Ministers are close to reaching agreement with the Railtrack board over a debt level of about pounds 600m. Since Railtrack has existing debts of pounds 1.5bn, this will mean a write-off of about pounds 900m for the Government. Provisional debts of pounds 600m have been pencilled in for the flotation, a level which Railtrack appears relatively happy with.
Negotiations over the debt level have been prolonged and sometimes heated, with Railtrack arguing that it would be incapable of investing adequately if it is saddled with too much. The talks sometimes involved a degree of brinkmanship by the Railtrack chairman, Robert Horton, though he stopped short of threatened resignation.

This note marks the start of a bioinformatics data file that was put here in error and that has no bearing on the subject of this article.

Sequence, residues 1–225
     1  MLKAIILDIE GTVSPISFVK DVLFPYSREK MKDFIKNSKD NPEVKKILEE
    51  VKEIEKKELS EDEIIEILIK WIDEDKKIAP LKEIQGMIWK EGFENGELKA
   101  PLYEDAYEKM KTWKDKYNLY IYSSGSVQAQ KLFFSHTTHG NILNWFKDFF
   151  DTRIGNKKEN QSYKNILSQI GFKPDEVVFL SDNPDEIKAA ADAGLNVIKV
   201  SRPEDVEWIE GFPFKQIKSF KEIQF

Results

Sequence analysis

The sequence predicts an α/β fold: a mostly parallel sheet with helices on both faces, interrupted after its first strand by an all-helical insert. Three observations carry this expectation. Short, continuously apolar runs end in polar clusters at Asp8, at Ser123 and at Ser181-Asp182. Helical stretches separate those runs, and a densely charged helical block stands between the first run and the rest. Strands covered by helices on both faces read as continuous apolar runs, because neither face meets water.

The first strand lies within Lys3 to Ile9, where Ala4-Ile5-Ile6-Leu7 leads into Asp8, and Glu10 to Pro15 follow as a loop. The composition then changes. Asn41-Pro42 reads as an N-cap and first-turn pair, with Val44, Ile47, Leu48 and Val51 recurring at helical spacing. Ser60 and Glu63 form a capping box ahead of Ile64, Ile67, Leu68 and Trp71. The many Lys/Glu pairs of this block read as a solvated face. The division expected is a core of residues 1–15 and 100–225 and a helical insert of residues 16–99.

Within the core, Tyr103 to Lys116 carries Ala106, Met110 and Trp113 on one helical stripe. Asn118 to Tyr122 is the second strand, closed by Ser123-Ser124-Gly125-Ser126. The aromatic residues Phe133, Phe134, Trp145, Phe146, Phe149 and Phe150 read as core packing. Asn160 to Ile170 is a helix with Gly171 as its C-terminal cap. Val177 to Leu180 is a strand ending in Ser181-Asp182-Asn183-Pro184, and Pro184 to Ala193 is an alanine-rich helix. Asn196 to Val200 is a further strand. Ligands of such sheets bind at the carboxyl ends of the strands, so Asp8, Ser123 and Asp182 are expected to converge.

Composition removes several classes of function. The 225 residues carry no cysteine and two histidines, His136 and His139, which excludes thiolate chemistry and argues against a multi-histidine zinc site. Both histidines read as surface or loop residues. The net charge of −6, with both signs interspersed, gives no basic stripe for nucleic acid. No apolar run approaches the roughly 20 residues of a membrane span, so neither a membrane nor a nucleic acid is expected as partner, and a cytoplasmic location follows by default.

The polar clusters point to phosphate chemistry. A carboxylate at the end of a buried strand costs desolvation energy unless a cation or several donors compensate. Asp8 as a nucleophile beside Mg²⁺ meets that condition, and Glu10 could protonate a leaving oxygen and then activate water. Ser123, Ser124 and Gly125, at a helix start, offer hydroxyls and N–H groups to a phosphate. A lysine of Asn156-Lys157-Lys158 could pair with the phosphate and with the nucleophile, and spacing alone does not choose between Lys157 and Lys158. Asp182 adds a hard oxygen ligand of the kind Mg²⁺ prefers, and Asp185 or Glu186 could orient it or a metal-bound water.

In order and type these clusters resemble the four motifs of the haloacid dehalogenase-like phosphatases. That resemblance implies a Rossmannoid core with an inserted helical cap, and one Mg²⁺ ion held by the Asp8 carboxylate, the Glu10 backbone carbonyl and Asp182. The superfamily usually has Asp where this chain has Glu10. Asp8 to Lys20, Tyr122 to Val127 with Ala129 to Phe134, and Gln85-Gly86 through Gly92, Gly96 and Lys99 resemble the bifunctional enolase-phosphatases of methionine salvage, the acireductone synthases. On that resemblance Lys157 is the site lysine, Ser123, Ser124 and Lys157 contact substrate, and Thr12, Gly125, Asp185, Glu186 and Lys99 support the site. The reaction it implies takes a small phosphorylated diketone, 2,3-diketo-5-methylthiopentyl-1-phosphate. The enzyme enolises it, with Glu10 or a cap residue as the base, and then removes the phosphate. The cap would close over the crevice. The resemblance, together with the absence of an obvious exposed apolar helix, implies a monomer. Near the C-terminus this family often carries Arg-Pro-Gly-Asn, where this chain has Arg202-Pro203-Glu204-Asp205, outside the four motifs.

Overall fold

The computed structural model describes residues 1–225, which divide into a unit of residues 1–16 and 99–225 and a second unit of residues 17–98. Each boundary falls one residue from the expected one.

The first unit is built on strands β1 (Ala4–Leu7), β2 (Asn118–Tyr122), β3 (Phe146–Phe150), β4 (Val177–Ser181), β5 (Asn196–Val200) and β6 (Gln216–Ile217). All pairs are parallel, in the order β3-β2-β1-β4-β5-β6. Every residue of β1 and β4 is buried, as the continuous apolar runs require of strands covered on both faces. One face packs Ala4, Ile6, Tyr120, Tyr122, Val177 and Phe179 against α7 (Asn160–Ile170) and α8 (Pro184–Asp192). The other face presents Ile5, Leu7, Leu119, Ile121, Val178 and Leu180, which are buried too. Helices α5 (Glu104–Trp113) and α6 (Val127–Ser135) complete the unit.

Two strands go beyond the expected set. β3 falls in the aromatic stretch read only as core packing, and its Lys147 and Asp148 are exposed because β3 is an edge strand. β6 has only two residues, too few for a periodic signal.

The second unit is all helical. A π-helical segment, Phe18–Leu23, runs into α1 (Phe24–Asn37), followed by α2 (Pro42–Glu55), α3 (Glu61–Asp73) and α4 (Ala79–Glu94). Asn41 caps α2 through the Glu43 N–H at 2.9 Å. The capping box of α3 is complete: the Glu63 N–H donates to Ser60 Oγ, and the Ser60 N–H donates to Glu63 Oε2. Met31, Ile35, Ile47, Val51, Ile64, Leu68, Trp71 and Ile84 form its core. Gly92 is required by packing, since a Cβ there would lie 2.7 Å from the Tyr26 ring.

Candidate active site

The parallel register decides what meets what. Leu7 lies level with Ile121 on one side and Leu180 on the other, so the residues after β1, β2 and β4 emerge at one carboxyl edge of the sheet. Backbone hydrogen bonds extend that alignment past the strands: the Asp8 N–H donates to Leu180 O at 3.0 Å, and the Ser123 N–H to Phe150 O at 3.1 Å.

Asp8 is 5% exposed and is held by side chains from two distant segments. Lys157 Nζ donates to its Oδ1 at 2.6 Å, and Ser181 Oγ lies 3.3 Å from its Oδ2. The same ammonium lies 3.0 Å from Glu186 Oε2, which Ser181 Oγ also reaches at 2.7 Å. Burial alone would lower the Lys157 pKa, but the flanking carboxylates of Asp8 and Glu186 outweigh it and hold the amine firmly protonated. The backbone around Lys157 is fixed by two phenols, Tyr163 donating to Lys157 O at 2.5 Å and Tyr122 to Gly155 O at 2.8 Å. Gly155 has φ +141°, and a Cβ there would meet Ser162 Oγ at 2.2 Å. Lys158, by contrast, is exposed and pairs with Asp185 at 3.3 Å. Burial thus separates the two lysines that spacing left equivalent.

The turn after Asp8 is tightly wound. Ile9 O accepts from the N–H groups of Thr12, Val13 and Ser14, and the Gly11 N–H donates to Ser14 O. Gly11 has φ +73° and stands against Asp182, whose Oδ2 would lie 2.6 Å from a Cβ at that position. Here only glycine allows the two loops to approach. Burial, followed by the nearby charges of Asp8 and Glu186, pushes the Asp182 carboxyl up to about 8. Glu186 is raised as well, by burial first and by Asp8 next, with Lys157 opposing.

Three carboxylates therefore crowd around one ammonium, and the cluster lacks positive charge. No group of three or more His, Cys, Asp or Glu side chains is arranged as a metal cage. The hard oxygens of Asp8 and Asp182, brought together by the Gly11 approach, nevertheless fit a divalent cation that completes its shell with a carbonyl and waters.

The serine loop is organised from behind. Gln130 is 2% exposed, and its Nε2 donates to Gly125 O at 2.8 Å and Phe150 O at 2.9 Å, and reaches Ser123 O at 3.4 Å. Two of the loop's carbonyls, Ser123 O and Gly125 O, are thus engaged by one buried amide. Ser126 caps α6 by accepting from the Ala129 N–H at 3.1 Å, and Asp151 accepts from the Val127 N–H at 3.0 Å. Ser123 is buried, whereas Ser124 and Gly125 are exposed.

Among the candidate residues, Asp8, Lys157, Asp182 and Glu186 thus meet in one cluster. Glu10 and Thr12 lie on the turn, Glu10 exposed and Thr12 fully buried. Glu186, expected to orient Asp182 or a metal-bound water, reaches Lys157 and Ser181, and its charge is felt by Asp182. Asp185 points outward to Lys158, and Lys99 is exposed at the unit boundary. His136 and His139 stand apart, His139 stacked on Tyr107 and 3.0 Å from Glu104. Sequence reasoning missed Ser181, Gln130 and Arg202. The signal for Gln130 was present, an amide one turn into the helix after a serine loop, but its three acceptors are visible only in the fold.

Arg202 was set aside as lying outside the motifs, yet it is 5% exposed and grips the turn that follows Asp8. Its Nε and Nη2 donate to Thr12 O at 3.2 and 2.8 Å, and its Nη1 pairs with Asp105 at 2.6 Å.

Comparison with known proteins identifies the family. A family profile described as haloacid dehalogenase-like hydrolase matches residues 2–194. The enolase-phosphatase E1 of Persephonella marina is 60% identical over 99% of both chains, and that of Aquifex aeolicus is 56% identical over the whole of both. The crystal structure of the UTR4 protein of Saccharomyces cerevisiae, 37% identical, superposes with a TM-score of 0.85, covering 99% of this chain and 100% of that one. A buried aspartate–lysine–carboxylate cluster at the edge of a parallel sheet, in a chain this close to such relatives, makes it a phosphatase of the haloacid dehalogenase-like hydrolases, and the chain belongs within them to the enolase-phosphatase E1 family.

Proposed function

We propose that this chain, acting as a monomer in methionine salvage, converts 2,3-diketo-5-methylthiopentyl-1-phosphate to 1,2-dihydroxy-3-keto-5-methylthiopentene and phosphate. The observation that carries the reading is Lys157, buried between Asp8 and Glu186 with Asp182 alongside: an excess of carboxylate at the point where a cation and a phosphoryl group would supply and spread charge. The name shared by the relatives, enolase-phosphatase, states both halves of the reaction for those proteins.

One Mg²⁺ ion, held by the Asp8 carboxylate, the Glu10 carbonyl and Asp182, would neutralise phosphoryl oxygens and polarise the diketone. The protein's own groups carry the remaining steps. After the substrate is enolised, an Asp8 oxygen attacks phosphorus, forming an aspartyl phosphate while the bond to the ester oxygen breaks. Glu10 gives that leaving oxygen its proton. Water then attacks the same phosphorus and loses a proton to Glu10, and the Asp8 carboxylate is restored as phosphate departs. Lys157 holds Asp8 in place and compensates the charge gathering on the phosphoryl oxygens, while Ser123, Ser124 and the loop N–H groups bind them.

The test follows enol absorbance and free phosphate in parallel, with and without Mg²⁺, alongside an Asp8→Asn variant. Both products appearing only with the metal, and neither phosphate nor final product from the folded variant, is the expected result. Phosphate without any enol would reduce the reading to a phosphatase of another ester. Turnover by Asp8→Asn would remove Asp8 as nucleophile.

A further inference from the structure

The outcome is a compromise - Railtrack would have liked less - but most observers thought it a good result for the company ahead of privatisation.
The Treasury appears to have eased its hard line - it wanted up to pounds 1bn of debt in the balance sheet - after ministers decided to give the go- ahead to the Thameslink 2000 project, an upgrade of the track linking north and south London.The go-ahead for the project was formally announced by the Government yesterday.
Agreement on debt removes one of the last obstacles to Railtrack's flotation, scheduled to take place in May. The company is expected to be valued at about pounds 2bn, and with debt now secure at a manageable level, holds out the prospect of a steadily rising dividend stream.